The prosecution of Solider F is welcome – but many feel justice should have been done long ago

47 years after Bloody Sunday, the single prosecution of a former British soldier vindicated families’ long campaign.

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On a bright January day in 1972, more than 10,000 people gathered to join a civil rights protest in Derry against an internment without trial policy used to detain and interrogate civilians suspected of IRA involvement. 

Diverted by the army, the march made its way to Free Derry Corner to await a speech from young MP and activist Bernadette Devlin. Some broke off and began pelting stones across the barriers, where a Parachute Regiment of British soldiers was stationed. A derelict building occupied by a few of the soldiers became the protesters’ target; soldiers fired live rounds into the crowd in response, wounding two unarmed men.

The full truth of what happened next was not officially acknowledged for decades. Thirteen people were shot dead that Sunday. When an order was given for soldiers to cross the barriers, platoons in armoured vehicles chased people to houses in the Bogside, the heart of a nationalist area claimed as Free Derry, and proceeded to shoot unarmed people running and crawling away.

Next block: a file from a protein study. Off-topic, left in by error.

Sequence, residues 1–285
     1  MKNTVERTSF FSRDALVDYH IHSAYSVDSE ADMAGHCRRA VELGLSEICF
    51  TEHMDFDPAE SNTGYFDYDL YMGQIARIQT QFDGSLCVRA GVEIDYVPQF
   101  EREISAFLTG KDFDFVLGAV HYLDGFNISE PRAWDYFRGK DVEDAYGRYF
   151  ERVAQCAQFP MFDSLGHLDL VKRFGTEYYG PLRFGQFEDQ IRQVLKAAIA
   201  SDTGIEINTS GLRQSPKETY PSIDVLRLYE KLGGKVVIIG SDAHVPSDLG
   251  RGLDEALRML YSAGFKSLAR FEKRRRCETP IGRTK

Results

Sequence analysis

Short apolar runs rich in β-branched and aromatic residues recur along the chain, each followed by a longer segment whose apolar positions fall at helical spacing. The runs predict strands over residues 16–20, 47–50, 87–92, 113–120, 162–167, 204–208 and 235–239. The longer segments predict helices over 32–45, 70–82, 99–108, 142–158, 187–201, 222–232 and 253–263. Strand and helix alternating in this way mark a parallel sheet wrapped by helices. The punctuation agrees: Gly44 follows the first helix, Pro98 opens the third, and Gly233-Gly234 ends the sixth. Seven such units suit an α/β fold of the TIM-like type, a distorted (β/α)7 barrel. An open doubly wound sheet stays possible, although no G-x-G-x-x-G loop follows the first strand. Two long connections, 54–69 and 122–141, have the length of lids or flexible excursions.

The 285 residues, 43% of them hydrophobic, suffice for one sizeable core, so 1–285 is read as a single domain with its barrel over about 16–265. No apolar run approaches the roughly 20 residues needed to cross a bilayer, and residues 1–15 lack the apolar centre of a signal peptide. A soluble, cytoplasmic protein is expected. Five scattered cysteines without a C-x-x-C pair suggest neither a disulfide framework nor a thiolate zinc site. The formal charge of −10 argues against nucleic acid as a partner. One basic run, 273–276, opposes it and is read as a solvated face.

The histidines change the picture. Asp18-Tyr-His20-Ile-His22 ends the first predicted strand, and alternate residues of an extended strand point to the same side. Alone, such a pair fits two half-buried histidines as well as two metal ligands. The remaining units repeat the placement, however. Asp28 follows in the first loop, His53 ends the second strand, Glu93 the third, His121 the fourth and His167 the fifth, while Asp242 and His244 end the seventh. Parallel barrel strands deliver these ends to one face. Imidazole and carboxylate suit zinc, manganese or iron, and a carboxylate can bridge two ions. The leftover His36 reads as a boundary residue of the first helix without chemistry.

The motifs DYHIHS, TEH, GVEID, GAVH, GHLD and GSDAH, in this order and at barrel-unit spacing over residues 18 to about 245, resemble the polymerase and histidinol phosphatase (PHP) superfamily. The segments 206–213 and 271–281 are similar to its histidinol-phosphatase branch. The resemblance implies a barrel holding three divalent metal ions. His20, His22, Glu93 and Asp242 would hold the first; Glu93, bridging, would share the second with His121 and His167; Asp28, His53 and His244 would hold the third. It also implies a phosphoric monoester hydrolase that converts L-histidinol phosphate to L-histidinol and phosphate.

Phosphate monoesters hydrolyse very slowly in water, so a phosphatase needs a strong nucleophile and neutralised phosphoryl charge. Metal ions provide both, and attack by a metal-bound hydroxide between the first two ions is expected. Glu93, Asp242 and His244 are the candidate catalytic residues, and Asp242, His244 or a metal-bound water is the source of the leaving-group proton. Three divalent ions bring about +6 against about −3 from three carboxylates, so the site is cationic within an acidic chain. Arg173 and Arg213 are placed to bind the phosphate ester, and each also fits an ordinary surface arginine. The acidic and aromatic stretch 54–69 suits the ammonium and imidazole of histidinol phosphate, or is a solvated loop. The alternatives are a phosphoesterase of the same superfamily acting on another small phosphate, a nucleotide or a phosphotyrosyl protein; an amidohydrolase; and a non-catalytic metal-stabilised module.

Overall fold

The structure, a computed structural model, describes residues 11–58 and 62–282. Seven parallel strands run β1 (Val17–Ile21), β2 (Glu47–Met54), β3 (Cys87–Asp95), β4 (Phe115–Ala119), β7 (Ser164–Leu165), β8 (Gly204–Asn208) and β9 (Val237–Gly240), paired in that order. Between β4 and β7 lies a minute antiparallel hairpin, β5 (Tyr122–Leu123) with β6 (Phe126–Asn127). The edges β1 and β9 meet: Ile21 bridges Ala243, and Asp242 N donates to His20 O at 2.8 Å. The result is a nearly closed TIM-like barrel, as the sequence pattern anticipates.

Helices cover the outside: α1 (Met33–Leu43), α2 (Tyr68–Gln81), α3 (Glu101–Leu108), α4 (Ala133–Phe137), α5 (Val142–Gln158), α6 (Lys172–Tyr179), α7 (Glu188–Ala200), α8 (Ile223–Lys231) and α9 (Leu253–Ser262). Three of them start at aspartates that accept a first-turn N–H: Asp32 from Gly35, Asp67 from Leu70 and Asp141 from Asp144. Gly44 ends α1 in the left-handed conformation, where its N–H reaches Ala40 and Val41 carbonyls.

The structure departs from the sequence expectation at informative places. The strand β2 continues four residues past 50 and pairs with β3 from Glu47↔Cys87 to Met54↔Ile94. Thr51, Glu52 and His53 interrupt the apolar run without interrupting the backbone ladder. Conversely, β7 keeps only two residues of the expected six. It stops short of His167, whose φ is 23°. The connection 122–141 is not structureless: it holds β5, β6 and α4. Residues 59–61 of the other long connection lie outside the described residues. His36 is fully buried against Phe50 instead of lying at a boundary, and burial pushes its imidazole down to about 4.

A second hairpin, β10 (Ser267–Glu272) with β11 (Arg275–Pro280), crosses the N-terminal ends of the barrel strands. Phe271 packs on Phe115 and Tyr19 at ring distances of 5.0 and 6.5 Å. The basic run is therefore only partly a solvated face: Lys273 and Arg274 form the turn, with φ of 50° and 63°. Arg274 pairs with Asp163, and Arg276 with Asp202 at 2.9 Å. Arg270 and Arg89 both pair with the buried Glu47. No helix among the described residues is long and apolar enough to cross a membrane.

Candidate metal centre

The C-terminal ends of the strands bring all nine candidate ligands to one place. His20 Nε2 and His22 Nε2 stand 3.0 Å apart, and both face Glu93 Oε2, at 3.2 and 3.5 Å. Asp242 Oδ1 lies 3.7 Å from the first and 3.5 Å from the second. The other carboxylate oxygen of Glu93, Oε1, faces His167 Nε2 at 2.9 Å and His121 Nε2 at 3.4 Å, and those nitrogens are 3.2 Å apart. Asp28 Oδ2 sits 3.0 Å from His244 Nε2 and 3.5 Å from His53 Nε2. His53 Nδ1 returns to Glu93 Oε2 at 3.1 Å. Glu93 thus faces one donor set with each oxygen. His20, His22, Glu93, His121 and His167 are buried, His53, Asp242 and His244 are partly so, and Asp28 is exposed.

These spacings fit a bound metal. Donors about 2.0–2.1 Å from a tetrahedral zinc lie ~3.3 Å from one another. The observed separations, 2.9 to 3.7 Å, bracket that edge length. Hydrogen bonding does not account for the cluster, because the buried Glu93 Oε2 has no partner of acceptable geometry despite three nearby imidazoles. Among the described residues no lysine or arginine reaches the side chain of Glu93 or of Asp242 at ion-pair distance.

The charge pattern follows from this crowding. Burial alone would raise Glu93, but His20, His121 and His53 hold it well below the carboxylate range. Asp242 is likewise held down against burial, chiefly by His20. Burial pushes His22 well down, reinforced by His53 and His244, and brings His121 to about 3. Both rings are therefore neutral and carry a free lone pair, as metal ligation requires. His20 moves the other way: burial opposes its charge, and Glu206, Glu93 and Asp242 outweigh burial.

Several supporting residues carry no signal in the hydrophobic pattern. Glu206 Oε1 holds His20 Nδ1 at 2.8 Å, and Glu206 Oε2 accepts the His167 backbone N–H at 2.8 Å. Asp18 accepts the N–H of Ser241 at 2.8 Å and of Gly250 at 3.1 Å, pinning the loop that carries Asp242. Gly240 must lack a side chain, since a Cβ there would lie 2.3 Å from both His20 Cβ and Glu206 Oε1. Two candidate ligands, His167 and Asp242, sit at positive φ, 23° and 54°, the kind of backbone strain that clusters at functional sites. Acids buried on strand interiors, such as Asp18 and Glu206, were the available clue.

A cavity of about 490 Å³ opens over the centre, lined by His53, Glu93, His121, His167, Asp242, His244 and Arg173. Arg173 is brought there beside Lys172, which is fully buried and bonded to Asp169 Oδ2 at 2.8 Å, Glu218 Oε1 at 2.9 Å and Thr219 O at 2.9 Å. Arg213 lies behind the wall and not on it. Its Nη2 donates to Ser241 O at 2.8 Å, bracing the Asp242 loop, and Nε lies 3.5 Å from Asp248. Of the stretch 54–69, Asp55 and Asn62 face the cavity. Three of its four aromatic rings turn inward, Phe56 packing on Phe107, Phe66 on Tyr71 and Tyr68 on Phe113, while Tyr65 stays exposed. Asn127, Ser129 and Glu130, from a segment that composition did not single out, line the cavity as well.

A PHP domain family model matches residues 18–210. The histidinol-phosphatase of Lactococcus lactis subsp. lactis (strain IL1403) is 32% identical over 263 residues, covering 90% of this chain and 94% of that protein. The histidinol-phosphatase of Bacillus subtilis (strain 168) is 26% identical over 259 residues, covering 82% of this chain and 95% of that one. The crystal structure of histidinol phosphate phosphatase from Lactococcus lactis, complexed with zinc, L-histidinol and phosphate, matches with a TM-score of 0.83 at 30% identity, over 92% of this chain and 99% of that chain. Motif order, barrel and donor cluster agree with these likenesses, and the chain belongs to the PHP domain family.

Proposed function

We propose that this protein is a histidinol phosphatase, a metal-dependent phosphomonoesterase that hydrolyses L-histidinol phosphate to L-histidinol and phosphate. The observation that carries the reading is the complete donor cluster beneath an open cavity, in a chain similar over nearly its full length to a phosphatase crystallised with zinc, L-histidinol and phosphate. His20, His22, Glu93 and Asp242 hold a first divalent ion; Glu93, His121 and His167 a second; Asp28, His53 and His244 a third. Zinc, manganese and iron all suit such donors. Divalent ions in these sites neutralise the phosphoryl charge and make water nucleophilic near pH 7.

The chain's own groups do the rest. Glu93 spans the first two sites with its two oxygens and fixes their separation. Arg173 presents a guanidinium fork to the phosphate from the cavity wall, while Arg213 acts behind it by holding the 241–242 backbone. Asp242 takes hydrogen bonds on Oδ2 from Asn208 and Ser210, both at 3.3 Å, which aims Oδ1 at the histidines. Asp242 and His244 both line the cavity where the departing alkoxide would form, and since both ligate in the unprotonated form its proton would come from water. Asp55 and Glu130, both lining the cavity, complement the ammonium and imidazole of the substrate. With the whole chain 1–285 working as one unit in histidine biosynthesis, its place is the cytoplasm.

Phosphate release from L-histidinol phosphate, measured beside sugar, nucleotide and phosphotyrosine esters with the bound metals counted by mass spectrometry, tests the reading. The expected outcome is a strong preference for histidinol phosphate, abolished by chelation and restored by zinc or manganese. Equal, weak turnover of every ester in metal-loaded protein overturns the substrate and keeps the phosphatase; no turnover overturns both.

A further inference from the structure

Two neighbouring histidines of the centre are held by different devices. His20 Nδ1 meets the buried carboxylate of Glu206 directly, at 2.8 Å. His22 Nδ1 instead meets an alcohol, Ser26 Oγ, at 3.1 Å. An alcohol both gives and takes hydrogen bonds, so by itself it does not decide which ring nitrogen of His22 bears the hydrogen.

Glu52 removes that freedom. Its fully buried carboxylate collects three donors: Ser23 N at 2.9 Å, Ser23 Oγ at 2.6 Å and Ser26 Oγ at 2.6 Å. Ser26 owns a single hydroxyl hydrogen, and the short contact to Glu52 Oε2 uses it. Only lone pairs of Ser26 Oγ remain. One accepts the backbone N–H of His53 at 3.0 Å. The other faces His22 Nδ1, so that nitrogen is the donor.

Their first victim was 17 year old John “Jackie” Duddy, shot in the back as he fled through a residential car park.  The soldiers shot more than a hundred rounds at civilians, some bullets ripping through the body of one person and hitting another. A father was shot trying to reach his dying son.

On Thursday families gathered in the City Hotel in Derry to hear that Northern Ireland’s Public Prosecution Service will charge one of the 19 suspects 17 former British soldiers and two alleged official IRA members – for the Bloody Sunday killings. Director of Public Prosecutions Stephen Herron said there was “sufficient available evidence” to prosecute Soldier F for the murder of James Wray and William McKinney and for the attempted murders of Joseph Friel, Michael Quinn, Joe Mahon and Patrick O'Donnell.